Luis Almagro, the current Secretary General of the Organization of American States (OAS) has abused his position and authority more flagrantly and outrageously than any predecessor in recent years. In his lack of judgment and disregard for political and diplomatic norms he resembles Donald Trump. And like Trump, he is increasingly seen as an embarrassment within the organization for which he is the standard bearer.
The OAS has been manipulated by Washington many times over the years in the service of regime change. Twenty-first century examples include Haiti (2000-2004, and 2011), Honduras (2009), and Paraguay (2012). It was in response to Washington's manipulation of the OAS, in the process of consolidating the 2009 military coup in Honduras, that the Community of Latin American and Caribbean States (CELAC) was formed. It includes all countries in the hemisphere except the United States and Canada.
But in these other cases, Washington had to pretend it was doing something other than carrying out a political campaign against a sovereign government. Almagro is much more brazen. Like the communists of Karl Marx's time, he "disdains to conceal his views." He is a radical and seeks to win his goals by any means necessary.
His main goal at present is to get rid of the current government of Venezuela. In the run-up to the congressional elections there last December, he worked tirelessly to try and convince the media and the world that the government was going to rig the elections. When the vote count was universally acknowledged as clean, he made no apologies but simply switched tactics.
Almagro's latest offensive involves invoking the OAS Democratic Charter, which allows the organization to intervene when there is an "unconstitutional alteration of the constitutional regime that seriously impairs the democratic order in a member state." Never mind that Venezuela still has an elected president, unlike Brazil, where a cabal of corrupt politicians has manipulated the legislative and judicial branches of government to suspend the head of state in a desperate effort to protect themselves from investigations for corruption. Almagro's offensive is about politics, not democracy. It's about what Washington and its right-wing allies want for the region.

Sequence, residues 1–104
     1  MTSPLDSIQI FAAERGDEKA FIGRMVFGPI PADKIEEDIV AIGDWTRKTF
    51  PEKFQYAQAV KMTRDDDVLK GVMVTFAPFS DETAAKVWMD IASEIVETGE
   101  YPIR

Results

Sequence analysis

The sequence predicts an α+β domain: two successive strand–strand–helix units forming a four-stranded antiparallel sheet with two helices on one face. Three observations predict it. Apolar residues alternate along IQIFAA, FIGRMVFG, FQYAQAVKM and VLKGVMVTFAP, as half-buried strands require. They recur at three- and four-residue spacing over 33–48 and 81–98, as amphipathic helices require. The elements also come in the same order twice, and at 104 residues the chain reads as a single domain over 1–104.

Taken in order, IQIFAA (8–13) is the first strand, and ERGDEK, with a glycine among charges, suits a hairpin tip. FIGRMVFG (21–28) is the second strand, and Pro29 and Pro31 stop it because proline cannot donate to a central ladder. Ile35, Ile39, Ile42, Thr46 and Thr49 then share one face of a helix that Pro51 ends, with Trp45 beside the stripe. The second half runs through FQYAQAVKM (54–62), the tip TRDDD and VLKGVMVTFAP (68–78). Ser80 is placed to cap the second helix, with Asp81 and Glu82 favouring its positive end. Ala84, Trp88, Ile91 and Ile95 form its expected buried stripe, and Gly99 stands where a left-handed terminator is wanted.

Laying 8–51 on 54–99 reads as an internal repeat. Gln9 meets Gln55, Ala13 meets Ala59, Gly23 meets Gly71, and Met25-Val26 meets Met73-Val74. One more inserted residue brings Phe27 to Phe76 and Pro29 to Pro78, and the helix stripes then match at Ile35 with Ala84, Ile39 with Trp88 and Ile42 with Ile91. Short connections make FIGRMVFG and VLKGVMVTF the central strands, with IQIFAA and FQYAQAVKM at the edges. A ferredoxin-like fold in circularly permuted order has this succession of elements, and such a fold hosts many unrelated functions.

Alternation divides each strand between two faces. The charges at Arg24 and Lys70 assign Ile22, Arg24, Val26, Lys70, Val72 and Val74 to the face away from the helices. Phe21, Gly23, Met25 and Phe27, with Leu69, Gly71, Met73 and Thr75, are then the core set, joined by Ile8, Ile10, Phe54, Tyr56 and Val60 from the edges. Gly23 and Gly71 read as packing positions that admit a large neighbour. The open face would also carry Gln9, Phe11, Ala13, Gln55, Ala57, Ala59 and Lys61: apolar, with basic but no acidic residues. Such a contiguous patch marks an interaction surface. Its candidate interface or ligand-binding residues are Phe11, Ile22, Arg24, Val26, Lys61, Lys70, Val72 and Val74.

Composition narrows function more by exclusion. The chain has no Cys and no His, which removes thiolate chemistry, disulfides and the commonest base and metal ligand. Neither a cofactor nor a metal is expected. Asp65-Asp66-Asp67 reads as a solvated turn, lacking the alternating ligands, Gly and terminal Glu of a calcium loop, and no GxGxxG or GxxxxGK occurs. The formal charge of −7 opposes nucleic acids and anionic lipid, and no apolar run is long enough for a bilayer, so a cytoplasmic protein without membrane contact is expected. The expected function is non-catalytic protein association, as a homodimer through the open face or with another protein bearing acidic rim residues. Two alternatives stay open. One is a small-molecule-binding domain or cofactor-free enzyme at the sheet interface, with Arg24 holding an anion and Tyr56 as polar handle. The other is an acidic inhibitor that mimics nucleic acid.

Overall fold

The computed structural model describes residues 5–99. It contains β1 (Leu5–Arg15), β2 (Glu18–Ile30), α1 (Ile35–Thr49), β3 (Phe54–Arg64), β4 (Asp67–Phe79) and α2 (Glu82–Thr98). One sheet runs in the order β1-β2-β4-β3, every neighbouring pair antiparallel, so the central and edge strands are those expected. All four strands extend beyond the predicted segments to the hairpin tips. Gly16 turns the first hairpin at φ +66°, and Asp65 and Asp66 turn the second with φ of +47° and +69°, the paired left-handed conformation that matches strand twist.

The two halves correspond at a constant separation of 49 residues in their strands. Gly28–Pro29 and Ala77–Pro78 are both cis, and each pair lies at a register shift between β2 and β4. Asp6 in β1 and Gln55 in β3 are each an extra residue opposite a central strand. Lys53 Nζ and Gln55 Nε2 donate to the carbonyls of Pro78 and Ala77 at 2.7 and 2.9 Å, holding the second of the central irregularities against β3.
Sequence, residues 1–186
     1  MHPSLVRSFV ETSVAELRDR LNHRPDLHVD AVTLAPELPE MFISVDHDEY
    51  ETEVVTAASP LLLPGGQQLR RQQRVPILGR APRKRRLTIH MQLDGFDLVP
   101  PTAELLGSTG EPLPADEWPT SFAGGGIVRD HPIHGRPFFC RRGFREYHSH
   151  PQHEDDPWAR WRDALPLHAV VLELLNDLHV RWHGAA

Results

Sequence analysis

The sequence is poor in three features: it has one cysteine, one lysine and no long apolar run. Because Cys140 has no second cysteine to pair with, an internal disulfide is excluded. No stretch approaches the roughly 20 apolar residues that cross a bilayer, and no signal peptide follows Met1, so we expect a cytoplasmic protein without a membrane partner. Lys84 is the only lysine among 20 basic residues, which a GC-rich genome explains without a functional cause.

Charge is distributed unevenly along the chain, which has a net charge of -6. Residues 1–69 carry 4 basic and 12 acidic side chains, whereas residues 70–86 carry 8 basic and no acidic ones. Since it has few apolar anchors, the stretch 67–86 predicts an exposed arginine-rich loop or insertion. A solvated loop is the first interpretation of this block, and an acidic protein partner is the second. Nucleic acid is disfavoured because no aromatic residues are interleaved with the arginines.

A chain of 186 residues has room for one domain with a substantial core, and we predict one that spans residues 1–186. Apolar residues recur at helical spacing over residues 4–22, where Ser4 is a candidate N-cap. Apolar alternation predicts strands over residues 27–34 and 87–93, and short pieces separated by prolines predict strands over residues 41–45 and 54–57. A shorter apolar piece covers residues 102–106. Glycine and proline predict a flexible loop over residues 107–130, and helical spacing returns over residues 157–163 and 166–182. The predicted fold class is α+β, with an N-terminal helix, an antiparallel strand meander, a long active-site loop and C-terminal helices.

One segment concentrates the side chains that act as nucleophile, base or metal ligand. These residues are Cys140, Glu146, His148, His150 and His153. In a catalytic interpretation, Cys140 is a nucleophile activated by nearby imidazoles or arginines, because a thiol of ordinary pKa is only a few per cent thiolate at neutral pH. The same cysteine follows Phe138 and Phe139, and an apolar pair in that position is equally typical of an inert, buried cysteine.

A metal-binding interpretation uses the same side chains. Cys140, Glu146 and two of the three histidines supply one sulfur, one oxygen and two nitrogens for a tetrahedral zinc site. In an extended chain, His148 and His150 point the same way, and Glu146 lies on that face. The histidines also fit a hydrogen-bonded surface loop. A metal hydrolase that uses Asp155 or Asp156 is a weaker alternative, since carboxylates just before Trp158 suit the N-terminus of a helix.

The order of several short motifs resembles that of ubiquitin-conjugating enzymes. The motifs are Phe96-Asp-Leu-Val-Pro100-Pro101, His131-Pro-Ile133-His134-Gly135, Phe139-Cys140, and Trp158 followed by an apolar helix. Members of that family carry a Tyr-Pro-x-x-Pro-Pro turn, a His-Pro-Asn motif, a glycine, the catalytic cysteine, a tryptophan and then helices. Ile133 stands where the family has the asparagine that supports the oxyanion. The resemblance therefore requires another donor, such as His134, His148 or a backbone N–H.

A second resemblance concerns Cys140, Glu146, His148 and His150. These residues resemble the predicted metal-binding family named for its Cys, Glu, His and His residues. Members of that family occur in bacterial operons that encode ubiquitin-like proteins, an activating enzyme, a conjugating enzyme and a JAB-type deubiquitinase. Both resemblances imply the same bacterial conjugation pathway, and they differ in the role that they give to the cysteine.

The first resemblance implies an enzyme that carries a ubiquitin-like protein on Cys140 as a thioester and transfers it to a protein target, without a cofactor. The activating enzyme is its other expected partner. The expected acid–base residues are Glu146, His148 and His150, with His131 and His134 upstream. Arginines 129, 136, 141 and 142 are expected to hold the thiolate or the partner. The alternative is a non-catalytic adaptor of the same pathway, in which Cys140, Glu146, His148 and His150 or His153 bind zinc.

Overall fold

Exhibiting a profound lack of respect for the political norms of Latin America, Almagro posted an article by Washington Post editorialist Jackson Diehl on the OAS website. The article praised Almagro for "revitalizing the OAS" with his crusade against a member state. It is no more appropriate for the head of the OAS to campaign against a member country than it would be for the head of the European Commission to do so in Europe.
In Latin America there is a deep historical tradition that values national sovereignty and self-determination, however incomprehensible and arrogantly dismissed those concepts may be in Washington. Diehl is a hard core neoconservative, an American supremacist who uses the editorial pages of the Washington Post to trash almost all of the left governments of the region, and to support military intervention anywhere that it might vaguely serve "American interests." He was one of the most prominent and vocal supporters of the 2003 invasion of Iraq, with the Post running 27 editorial board pieces supporting the war in the six months prior to the invasion.
Basking in the praise of someone like Jackson Diehl, for any literate Latin American, is the equivalent of Trump's infamous tweet quoting Mussolini.
There are immediate and risky consequences of Almagro's malfeasance and abuse of power. Venezuela is confronting an economic and political crisis and the country is politically divided. The political opposition in Venezuela is also divided; as throughout its 21st century history, some want to advocate peaceful and electoral change, while others want to overthrow the government. A normal leader of the OAS would do what the Union of South American Nations (UNASUR) is doing -- try to promote dialogue between the two opposing forces. Since the main opposition group (MUD) and other opposition leaders refuse to meet with the government, UNASUR has enlisted José Luis Rodríguez Zapatero (former prime minister of Spain), Martín Torrijos (former president of Panama), and Leonel Fernández (former president of the Dominican Republic) to meet with both sides in order to facilitate dialogue.
But Almagro is not interested in promoting dialogue; he is more interested in using the OAS, and its reach in the media, to delegitimize the Venezuelan government, a goal that Washington has pursued for most of the past 15 years.
Impatience with Almagro within the OAS is mounting. Many governments have publicly criticized him, and several have called for his resignation. He had previously been denounced by former president Pepe Mujica of Uruguay, whom he had served as foreign minister.
Most importantly, in June, 19 countries (a majority of the OAS membership) ordered that the Permanent Council of the OAS discuss his behavior. This is long overdue, and hopefully will lead to a change of leadership.
Mark Weisbrot is co-director of the Center for Economic and Policy Research in Washington, D.C., and the president of Just Foreign Policy. He is also the author of the new book "Failed: What the 'Experts' Got Wrong About the Global Economy" (2015, Oxford University Press).